Malarcik said the Kent International Festival will be back again.
“This is our first year, so we're kind of testing some things out,” she said. “Next year, we'll probably try to double it up and just make it bigger and better — definitely it will be an annual thing.”

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News Headline: PHOTOS: Kent's First International Festival | Attachment Email

News Date: 09/19/2011
Outlet Full Name: Kent Patch
Contact Name:
News OCR Text: The Rising Star performing group demonstrates traditional Chinese acrobatic folk dancing at the Kent International Festival, Sept. 17, 2011

CLICK HERE TO VIEW PHOTOS: http://kent.patch.com/articles/photos-kents-first-international-festival#photo-7807837

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News Headline: Californians should brace for longer, deadlier heat waves | Attachment Email

News Date: 09/17/2011
Outlet Full Name: SFGate
Contact Name:
News OCR Text: Californians should brace for longer, deadlier heat waves A new study [PDF] commissioned by the Air Resources Board says Californians should brace for more frequent heat waves in the coming decades. The heat waves will likely have an increased death toll as a result of the state's aging population.Using a new modeling method that considers wind and cloud cover, among other mitigating factors, the study found that 10-or-more-day heat waves will increase by two to ten times over, (depending on the region) by the end of the century.In the nine urban areas included in the study, heat currently causes about 500 deaths every year among senior citizens, who are particularly susceptible to it. By the end of the century, 4,700 to 8.800 seniors will die of heat-related causes every year, according to the analysis. The warming climate accounts for just a quarter of the change, however; the rest is due to shifting demographics.The study was conducted by Scott Sheridan, a Kent State University geographer who also conducted a 2006 preliminary analysis for CARB.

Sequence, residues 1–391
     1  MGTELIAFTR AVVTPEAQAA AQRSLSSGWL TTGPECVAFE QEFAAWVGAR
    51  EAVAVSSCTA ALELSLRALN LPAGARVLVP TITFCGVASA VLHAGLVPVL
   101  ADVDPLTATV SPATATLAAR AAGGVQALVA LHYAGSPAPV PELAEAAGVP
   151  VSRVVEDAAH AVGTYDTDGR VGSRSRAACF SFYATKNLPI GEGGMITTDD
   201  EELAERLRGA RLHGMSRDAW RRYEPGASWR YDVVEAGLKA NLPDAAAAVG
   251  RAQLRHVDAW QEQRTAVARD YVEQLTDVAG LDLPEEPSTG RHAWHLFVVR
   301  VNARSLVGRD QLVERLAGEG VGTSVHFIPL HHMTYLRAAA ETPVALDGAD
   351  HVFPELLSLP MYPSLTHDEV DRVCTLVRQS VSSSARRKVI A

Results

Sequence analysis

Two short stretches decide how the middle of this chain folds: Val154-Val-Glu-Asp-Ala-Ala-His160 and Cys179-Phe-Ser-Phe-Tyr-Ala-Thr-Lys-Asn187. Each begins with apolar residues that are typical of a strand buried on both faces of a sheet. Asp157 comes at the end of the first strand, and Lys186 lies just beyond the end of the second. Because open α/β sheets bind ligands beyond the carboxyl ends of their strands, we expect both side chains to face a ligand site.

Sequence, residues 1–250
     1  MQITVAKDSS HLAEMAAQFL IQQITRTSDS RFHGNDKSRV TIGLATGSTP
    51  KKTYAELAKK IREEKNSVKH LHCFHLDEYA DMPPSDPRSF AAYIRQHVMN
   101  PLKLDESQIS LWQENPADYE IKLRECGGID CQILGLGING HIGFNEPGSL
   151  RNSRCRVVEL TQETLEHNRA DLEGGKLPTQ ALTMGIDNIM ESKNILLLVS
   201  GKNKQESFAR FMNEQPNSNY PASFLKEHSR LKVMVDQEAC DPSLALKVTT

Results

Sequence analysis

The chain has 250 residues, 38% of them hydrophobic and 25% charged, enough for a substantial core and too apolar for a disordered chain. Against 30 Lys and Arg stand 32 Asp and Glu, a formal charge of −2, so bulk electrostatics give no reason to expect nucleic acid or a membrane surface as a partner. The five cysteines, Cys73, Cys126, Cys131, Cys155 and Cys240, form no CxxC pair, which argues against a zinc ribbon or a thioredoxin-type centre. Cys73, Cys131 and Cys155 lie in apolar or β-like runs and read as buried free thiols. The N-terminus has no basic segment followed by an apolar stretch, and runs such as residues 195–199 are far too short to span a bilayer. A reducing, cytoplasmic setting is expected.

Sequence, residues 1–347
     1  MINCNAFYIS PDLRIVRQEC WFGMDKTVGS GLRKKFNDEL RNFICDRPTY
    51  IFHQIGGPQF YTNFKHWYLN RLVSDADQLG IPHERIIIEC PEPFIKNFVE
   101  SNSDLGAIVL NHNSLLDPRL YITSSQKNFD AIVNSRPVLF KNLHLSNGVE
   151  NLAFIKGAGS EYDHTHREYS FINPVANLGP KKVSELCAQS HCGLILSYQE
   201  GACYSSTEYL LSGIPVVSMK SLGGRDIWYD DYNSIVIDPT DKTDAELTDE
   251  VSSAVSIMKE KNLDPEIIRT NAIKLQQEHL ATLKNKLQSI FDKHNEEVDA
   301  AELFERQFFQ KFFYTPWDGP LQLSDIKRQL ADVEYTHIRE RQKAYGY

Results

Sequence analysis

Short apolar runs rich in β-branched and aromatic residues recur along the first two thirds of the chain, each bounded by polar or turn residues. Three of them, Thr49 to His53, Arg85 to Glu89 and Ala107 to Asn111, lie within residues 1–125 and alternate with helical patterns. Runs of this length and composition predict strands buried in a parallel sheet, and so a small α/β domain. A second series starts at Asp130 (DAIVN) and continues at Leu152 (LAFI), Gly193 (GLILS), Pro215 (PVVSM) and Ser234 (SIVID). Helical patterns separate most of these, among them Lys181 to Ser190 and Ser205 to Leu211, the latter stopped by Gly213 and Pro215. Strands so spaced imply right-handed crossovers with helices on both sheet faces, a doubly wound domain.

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News Headline: Michael K. McIntyre's Tipoff | Attachment Email

News Date: 09/19/2011
Outlet Full Name: Cleveland.com (Plain Dealer - Online)
Contact Name:
News OCR Text: How they rank: Colleges always gripe about the U.S. News and World Report rankings because a magazine's arbitrary list has become such an important tool for recruitment and alumni appeasement.

This year, the crowing is drowning out the griping in Northeast Ohio.

Case Western Reserve University is doing back flips about rising three slots to 38th among national universities in a list headed by Harvard, Princeton, Yale and Columbia universities. It had ranked 41st for four years.